If the Niagara IceDogs weren’t yet aware of the test that awaited them in the playoffs, they certainly should be familiar with it now. The seventh seeded North Bay Battalion came to the Meridian Centre and stole game two to even the best-of-seven series at 1-1.
Game one saw Jack Studnicka and Jason Robertson provide the only offence required in the contest and the IceDogs came away with a 2-0 win. Studnicka and Robertson proved why they were sought after at the trade deadline in this game. The IceDogs controlled play all the way through game one, outshooting the visiting opposition 52-23.
Game two, however, was a different story. Even though the IceDogs possessed the majority of chances in the early going, North Bay was the first to get on the scoreboard just under nine minutes into the game. Less than a minute after the first goal, OHL regular season goal leader Justin Brazeau (61) wired home another for the Battalion, as they seized a quick 2-0 lead. The IceDogs were fortunate to be trailing by just two after the first period with goaltender Stephen Dhillon managing to keep the game within reach.
“I don’t think we had enough playoff intensity at all,” said IceDogs head coach Billy Burke. “Thankfully, Stevie [Dhillon] made a couple of big saves. It could’ve been 4-0.”
The IceDogs got the start they needed in the second period, as just over two minutes in, Akil Thomas’ shot from the top of the right circle beat Battalion goaltender Christian Propp over his blocker to make it 2-1. Like the Battalion did earlier in the game, the IceDogs followed up their own goal quickly as captain Ben Jones tipped home a Matt Brassard point shot to even up the score at two. In spite of this push back by the home team, the second period ended with them trailing by the same deficit they had at the conclusion of the first period, ending with the Battalion ahead 4-2.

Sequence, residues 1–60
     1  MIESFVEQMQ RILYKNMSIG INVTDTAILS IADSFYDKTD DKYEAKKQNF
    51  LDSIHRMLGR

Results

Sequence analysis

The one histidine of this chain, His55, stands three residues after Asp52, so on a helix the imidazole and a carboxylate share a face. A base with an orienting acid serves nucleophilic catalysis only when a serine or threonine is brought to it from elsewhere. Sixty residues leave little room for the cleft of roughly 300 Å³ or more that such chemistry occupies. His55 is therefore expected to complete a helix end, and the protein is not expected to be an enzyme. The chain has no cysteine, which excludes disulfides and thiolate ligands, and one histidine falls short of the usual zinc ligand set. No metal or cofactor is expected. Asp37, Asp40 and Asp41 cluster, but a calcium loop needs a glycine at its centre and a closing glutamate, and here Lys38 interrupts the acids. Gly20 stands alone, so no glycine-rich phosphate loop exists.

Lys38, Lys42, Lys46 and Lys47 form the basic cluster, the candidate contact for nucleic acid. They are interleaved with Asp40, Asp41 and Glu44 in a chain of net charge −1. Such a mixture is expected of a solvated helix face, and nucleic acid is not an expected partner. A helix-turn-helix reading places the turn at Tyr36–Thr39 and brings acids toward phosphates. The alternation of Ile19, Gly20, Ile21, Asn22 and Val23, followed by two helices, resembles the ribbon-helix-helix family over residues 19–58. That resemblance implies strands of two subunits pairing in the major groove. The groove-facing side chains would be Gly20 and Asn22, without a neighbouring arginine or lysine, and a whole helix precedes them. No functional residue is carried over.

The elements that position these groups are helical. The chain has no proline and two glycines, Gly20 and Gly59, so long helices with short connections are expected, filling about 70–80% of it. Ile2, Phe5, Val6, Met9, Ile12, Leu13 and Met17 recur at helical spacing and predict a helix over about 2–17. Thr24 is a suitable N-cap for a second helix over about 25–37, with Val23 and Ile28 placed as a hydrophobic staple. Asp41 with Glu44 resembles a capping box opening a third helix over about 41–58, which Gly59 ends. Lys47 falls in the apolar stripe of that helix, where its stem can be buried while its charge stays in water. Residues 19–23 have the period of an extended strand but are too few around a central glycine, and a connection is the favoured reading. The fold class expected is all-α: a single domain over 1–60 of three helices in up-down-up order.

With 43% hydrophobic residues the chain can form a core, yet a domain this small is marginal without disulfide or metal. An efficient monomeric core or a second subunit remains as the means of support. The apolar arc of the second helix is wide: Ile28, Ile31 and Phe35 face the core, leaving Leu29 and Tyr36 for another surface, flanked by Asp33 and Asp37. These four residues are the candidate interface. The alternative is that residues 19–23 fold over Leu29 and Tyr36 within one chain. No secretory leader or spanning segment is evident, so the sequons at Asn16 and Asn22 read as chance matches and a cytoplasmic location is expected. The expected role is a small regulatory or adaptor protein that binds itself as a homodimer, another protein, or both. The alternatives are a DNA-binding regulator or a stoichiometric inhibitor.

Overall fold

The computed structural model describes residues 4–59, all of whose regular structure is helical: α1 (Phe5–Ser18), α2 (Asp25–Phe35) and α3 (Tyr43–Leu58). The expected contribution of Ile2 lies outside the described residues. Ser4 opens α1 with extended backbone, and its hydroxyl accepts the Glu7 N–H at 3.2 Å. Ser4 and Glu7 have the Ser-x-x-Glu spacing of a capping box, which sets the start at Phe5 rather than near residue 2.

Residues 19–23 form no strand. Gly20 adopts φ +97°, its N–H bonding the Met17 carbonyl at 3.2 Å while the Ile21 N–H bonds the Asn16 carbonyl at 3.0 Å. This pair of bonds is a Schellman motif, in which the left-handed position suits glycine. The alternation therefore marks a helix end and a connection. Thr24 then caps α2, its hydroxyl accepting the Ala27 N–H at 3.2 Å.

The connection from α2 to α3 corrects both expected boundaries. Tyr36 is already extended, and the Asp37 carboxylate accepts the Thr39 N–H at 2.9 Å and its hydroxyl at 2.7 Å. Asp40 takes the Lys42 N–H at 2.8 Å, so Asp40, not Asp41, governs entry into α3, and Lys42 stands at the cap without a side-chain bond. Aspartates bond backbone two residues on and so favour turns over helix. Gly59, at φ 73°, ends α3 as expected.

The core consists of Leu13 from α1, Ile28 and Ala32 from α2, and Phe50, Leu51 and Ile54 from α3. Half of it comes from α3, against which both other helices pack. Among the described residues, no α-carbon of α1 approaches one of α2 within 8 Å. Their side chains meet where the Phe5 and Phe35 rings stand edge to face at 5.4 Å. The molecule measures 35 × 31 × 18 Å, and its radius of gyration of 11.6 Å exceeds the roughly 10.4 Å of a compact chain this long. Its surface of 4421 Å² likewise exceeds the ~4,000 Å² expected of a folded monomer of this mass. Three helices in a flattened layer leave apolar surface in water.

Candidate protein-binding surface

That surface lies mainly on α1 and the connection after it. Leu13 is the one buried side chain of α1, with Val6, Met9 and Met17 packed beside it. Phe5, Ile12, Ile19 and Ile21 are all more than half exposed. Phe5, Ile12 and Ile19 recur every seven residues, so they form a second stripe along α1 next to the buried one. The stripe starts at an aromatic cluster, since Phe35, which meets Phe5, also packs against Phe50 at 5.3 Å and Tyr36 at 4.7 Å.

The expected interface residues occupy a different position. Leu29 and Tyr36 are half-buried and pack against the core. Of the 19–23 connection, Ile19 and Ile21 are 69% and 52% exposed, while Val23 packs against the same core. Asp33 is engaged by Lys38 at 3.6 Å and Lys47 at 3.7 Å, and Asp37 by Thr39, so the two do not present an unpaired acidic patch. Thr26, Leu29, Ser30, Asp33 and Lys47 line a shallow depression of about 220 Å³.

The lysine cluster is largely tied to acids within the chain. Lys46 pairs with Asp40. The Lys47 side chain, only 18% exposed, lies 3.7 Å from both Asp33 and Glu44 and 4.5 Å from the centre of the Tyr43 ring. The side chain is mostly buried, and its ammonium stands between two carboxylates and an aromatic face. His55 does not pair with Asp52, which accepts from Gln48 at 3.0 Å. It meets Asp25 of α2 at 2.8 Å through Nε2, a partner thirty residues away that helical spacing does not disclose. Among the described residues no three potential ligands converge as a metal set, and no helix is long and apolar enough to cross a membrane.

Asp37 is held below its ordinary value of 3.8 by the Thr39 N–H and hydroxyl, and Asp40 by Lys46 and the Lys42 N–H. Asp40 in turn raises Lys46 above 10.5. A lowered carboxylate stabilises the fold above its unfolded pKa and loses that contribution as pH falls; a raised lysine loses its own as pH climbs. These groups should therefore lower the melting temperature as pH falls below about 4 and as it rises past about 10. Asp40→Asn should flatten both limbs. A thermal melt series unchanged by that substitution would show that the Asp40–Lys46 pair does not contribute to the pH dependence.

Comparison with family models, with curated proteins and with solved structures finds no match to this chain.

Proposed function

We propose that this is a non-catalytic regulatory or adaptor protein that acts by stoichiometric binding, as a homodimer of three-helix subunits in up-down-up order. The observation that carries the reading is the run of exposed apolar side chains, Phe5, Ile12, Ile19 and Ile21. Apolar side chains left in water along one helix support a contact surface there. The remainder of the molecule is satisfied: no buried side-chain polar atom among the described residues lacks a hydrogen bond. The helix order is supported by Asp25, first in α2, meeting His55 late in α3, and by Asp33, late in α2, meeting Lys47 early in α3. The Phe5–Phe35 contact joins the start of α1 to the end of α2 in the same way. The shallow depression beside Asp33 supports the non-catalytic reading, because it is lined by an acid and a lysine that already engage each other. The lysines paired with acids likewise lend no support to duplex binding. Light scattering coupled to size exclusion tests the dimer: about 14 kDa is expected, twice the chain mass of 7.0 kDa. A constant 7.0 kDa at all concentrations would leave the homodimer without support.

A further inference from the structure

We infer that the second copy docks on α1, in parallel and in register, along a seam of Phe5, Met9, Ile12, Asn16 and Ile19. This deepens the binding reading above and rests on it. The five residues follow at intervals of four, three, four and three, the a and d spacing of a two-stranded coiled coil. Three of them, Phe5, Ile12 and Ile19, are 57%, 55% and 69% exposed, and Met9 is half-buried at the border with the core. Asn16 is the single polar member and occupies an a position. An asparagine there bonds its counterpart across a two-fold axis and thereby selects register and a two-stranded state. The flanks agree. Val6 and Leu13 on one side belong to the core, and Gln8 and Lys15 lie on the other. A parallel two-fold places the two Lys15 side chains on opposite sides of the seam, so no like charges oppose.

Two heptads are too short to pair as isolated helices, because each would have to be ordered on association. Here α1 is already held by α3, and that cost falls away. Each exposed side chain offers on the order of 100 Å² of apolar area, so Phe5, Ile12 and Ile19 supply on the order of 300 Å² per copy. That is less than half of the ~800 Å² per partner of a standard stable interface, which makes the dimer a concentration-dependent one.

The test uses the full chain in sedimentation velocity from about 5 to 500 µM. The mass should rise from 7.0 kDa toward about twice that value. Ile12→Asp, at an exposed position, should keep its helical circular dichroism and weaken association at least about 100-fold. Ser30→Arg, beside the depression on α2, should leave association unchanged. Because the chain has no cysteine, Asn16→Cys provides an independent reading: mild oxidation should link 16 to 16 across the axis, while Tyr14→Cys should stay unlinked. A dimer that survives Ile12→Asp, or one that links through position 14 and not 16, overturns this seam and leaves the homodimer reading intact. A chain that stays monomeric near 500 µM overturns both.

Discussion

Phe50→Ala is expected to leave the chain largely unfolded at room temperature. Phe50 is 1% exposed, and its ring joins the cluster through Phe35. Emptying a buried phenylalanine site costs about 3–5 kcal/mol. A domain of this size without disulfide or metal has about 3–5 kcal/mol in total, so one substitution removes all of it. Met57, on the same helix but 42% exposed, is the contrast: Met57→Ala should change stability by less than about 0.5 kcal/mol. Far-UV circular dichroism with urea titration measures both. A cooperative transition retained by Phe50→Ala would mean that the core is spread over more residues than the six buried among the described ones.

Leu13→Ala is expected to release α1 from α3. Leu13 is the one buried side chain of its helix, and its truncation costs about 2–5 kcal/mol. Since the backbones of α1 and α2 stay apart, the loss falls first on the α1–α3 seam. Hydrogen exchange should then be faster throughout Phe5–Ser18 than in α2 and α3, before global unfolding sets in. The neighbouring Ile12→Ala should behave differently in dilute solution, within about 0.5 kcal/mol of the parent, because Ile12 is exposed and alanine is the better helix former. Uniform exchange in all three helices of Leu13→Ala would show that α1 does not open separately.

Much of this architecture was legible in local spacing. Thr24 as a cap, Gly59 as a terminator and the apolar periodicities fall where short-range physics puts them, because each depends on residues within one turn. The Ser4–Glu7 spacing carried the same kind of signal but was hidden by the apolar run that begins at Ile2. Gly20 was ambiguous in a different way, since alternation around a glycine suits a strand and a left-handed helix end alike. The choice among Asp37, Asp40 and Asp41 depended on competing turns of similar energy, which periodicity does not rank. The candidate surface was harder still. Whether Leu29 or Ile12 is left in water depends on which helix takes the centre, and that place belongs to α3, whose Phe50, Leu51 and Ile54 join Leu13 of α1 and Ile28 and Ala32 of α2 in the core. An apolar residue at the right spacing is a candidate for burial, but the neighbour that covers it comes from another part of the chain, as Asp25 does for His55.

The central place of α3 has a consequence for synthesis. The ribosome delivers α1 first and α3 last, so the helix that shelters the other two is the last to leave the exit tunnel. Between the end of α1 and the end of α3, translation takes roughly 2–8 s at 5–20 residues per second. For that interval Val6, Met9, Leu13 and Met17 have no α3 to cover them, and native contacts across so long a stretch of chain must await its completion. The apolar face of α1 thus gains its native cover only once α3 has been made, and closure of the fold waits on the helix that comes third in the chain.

With nine minutes to play in the third period it looked as if the IceDogs had cut the Battalion lead in half. However, unfortunately for Niagara, it was determined upon review that the play was whistled dead by the referee prior to the puck crossing the goal line and the score remained at 4-2. The IceDogs pulled Dhillon from the net with three minutes to play in hopes of making one last push but the Battalion sealed the game with an empty net goal to make it 5-2.
“They’re stingy, they’re good defensively,” said Burke. “I just think we thought we could show up and it’d be easy…they had a great game plan and it worked.”
It was a clearly frustrating game from the IceDogs’ perspective, as once again the team heavily outshot North Bay, bringing the two game shot total to 97-50 in favour of the IceDogs. However, Burke was still not pleased with the overall effort from his team in game two.
“We didn’t get any breaks because we didn’t deserve any breaks. We didn’t work hard enough, we didn’t compete hard enough, so we got what we deserved,” said Burke. “A lot of our older guys have got to be better. Obviously I’m not going to call any guys out but there’s older guys who were not good enough tonight.”
Coincidentally two of Niagara’s leading scorers, Robertson and Studnicka, were left off of the score sheet in game two. This was just the second time in the 32 games that they’ve played together in IceDogs uniforms where neither managed to record a point. Certainly an outlier, but one that must be addressed as the series progresses.
On the other end of the spectrum, North Bay comes away with an impressive split of the first pair of games and, given the disparity in shots on goal, Battalion goaltender Propp has emerged as a difference maker as he carries a .958 save percentage in the two games combined. Play will resume in North Bay for game three on March 26, with game four going on Mar. 28. The series will return to the Meridian Centre on Mar. 29 for game five.